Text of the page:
As previously reported on Conduit Street, a coalition of environmental groups have legally challenged the Phase I Municipal Separate Storm Sewer System (MS4) permits issued to several counties by the Maryland Department of the Environment (MDE). The targeted jurisdictions include Anne Arundel, Baltimore, Montgomery, and Prince George’s Counties and Baltimore City. On October 3, Judge Patrick Stringer of Maryland’s 3rd Circuit Court considered the legal challenge to Baltimore County’s permit and ruled in favor of MDE and the County.
Judge Stringer held an unusual 4 hours of oral arguments on September 30. He then issued an oral decision from the bench on October 3. The Judge’s oral opinion was comprehensive and took approximately 30 minutes to issue. On all counts he found for MDE and Baltimore County, holding that: (1) neither the federal Clean Water Act or Maryland law requires strict compliance with the Act’s water quality standards (essentially preserving the long existing standard of “maximum extent practicable”); and (2) the MS4 permit does not require compliance with the water quality standards.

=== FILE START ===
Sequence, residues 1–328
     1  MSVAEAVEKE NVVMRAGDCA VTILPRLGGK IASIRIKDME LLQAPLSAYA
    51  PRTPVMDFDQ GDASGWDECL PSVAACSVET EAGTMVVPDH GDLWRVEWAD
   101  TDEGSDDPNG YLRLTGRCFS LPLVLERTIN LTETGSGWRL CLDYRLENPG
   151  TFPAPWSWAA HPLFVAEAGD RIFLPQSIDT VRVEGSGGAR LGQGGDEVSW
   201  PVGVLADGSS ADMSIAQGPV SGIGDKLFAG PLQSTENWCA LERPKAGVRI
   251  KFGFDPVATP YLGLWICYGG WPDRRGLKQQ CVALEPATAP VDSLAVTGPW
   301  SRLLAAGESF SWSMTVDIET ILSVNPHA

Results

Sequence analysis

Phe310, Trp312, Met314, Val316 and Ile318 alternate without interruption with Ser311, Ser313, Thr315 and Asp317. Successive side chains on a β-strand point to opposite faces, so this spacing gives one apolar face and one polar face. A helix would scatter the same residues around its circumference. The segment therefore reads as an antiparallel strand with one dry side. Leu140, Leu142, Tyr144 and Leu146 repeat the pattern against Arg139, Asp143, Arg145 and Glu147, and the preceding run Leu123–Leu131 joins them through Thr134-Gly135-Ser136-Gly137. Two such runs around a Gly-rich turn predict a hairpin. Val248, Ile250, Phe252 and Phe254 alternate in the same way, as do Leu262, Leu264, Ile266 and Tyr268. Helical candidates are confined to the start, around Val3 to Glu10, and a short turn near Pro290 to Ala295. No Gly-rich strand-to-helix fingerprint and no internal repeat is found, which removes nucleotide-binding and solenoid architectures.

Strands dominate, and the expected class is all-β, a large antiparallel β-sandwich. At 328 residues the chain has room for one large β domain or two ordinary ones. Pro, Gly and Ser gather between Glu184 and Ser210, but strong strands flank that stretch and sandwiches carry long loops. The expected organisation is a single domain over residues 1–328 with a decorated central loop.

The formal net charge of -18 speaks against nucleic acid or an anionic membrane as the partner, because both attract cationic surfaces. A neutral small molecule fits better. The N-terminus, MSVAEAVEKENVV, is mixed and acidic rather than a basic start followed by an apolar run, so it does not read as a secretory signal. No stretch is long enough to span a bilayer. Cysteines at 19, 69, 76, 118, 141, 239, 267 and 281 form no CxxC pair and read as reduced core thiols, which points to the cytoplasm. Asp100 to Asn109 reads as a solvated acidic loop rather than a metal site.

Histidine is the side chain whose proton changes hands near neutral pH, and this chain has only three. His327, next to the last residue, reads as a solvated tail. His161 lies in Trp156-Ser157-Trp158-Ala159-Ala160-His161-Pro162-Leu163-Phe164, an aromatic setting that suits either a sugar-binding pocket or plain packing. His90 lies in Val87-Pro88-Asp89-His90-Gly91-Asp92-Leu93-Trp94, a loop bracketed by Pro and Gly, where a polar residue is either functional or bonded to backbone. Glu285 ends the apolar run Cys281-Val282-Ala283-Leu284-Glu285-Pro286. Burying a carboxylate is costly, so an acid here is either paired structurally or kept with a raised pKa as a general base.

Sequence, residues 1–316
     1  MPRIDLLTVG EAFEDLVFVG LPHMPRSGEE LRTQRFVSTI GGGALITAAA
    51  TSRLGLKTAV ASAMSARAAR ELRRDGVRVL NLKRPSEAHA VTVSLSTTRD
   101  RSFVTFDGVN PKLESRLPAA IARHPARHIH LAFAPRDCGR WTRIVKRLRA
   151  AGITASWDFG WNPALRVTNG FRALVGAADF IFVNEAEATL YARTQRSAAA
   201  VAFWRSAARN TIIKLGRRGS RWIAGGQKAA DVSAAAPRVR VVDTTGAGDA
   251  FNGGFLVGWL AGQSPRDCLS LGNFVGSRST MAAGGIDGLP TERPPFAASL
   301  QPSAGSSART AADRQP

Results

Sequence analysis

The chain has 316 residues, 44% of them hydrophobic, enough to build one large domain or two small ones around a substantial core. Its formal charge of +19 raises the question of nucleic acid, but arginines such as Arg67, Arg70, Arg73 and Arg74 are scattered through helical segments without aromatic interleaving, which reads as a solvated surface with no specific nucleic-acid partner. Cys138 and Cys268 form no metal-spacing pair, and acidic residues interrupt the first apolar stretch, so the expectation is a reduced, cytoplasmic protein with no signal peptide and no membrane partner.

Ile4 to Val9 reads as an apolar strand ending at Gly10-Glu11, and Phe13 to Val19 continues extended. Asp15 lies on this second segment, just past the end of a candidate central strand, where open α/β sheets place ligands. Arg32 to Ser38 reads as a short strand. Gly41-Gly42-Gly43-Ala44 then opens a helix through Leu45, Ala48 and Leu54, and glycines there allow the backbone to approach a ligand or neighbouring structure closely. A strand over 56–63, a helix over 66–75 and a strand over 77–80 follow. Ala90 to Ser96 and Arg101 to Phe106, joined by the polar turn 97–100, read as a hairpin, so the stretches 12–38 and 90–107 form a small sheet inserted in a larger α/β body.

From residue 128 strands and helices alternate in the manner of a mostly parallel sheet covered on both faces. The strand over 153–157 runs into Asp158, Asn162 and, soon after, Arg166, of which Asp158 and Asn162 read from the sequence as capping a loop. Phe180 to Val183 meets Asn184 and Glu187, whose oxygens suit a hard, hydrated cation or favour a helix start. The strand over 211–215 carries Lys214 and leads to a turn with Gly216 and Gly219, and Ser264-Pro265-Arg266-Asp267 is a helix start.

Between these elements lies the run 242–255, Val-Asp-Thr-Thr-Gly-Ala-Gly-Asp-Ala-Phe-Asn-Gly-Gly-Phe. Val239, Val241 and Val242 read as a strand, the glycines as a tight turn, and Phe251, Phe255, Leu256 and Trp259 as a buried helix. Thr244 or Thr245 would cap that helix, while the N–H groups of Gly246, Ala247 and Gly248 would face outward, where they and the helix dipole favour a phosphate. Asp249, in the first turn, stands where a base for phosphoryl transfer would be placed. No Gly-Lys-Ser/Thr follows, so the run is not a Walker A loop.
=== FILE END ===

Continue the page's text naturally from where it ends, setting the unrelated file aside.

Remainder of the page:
The Judge also addressed three issues raised by the environmental petitioners. He found: (1) that the Restoration Plans required under the permit did set actual effluent limits, but are merely implementation plans documenting how Baltimore County will comply with the permit’s requirements; (2) the monitoring requirements contained in the County’s issued permit were sufficient; and (3) as there were no current violation of any permit requirements, there was no need for a compliance schedule.
Judge Stringer subsequently issued a written order affirming MDE’s issuance of the Baltimore County permit on October 7. However, it is very likely that the environmental litigants will appeal the holding.